New scam tries to blackmail with bogus porn threats

A new email scam is making the rounds with bogus claims about pornography use to extort money.

In this scam, scammers email you claiming that they’ve stolen your password and have created videos of you using adult web sites. On top of that, they claim to have all of your contacts.

The good news it’s a scam. But it can be terrifying for some. One woman, who was “in tears,” called it “very frightening,” according to a report in Canada’s CBC.

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A typical email reads something like this: “I know your password” and “I have installed malware on an adult video site.” Then the claim gets more elaborate. “While you were watching video clips, your web browser began operating as a RDP (Remote Desktop) that has a key logger,” is a typical threat.

This, the scammers claim, gives them access to your display screen and webcam. Then they drop the hammer, usually something to the effect: “If you ignore this, I will send your video to all of your contacts.” Of course, they give you a way out: pay them money – usually $1,000 or more – and they promise to delete the video.

That’s the gist of the many forms of this email that have appeared in forums, blogs and on Twitter. For example, one threatening email – similar to the wording above – was posted by ThreeShield Information Security, a Canadian firm.

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Linked to old breached passwords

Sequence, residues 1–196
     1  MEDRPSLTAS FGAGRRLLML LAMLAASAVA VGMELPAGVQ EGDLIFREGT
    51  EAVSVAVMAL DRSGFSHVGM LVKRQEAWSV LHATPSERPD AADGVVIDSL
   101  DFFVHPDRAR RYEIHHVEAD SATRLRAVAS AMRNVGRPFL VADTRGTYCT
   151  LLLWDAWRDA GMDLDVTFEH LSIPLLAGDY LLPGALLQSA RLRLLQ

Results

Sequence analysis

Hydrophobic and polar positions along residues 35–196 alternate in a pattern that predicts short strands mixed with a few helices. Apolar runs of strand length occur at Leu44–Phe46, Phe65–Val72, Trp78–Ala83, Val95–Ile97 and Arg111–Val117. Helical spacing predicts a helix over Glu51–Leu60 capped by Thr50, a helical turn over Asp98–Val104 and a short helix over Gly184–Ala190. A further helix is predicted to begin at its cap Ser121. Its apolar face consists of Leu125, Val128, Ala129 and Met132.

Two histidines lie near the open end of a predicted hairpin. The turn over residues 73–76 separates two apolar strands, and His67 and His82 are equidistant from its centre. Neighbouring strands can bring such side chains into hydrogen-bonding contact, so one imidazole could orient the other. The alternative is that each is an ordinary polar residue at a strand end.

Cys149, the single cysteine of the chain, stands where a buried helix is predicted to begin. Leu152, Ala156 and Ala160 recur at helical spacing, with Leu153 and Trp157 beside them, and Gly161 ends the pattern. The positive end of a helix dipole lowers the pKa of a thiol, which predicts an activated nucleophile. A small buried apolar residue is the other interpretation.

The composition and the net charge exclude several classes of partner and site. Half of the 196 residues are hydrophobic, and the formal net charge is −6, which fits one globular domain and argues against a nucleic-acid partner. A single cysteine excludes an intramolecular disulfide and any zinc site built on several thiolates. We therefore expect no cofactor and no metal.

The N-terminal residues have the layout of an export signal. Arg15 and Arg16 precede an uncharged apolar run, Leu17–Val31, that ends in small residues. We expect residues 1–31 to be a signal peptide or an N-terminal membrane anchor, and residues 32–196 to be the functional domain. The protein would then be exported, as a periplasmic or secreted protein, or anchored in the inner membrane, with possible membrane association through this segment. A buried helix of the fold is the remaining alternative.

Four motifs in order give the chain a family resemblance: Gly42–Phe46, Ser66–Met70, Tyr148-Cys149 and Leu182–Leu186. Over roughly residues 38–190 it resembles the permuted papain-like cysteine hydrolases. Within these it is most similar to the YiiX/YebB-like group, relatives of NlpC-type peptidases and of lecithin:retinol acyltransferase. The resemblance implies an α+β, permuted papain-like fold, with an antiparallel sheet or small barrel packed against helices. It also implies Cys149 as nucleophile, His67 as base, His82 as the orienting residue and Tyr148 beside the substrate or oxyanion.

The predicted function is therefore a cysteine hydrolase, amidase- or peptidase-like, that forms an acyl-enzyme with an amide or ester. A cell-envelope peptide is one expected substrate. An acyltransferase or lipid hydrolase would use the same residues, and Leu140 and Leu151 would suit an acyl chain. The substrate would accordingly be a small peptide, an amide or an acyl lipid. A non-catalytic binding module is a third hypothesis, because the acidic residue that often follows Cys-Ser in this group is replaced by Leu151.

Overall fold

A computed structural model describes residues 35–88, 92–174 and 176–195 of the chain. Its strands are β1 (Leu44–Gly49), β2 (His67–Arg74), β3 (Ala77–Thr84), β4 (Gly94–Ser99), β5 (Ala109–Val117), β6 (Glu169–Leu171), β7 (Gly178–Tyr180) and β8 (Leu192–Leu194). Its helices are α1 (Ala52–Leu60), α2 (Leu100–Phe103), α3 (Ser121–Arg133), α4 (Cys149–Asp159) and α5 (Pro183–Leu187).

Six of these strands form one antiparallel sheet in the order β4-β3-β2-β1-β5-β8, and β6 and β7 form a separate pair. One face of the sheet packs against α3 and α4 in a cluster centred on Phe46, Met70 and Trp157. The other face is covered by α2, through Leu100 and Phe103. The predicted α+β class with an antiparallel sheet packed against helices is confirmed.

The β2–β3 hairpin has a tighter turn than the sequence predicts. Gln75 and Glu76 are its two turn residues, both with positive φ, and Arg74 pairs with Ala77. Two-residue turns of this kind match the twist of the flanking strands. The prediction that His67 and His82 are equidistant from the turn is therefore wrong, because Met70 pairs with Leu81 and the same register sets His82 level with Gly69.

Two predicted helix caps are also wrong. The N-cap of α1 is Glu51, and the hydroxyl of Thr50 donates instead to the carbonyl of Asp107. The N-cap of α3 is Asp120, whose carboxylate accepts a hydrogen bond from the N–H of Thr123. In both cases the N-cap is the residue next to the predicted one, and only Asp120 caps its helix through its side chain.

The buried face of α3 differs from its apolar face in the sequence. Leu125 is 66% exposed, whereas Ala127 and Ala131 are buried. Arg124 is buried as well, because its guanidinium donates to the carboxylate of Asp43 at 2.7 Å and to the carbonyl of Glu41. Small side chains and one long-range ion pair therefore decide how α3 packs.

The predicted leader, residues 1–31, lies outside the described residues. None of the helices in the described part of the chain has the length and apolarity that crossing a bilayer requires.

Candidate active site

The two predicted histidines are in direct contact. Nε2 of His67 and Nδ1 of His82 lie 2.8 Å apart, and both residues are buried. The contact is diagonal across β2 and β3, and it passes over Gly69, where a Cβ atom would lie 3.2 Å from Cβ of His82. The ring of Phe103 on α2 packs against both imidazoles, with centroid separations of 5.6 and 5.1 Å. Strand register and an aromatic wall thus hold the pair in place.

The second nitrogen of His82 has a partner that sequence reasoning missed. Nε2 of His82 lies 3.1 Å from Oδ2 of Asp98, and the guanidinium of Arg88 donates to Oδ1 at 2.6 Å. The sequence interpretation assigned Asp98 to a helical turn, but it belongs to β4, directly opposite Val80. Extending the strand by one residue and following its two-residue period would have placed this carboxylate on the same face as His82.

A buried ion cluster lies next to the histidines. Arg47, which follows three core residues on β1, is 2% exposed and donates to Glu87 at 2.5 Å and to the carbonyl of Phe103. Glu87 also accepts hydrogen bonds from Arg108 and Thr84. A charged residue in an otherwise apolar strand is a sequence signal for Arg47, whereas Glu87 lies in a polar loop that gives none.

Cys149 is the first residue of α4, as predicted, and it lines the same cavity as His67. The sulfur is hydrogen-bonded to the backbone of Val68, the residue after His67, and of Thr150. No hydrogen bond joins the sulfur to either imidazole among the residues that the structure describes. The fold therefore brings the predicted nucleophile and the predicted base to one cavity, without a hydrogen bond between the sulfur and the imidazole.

What makes it scarier is, the scammers do you have your password in some cases, though it can be an old one.

“If you received an email like this one, we have good news and bad news for you: You weren't caught looking at porn; however, your LinkedIn password was exposed 6 years ago,” according to a blog post by ThreeShield.

The security firm concluded that the scammer is harvesting email addresses and passwords from a 2012 LinkedIn hack that breached over 100 million accounts.

Threeshield added that they have tracked 9 bitcoin addresses associated with the scam, in which victims have paid a total of 4.61461859 Bitcoins or approximately $38,000.

FBI issues warning of adultery blackmail scam

This week, the FBI in Jacksonville, Florida warned about a similar blackmail scam that threatens to reveal information about acts of adultery.

“The scammer threatens to reveal the information to the recipient’s spouse, family and friends, and demands payment in exchange for secrecy. In an effort to avoid detection, the scammer often insists on being paid in bitcoin, a virtual currency that is legitimate but difficult to track,” the FBI said in a statement this week.

The FBI adds that this and similar scams will continue to evolve.